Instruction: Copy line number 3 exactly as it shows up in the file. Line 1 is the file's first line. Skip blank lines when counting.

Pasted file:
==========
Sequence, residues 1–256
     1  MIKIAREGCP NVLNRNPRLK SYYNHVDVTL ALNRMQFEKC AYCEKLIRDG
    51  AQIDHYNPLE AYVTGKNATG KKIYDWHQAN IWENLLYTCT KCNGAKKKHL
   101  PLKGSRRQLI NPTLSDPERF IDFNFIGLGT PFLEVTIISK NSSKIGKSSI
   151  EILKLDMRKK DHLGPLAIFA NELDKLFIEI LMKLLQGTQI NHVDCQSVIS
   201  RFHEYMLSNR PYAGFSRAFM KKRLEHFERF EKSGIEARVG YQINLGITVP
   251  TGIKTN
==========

    51  AQIDHYNPLE AYVTGKNATG KKIYDWHQAN IWENLLYTCT KCNGAKKKHL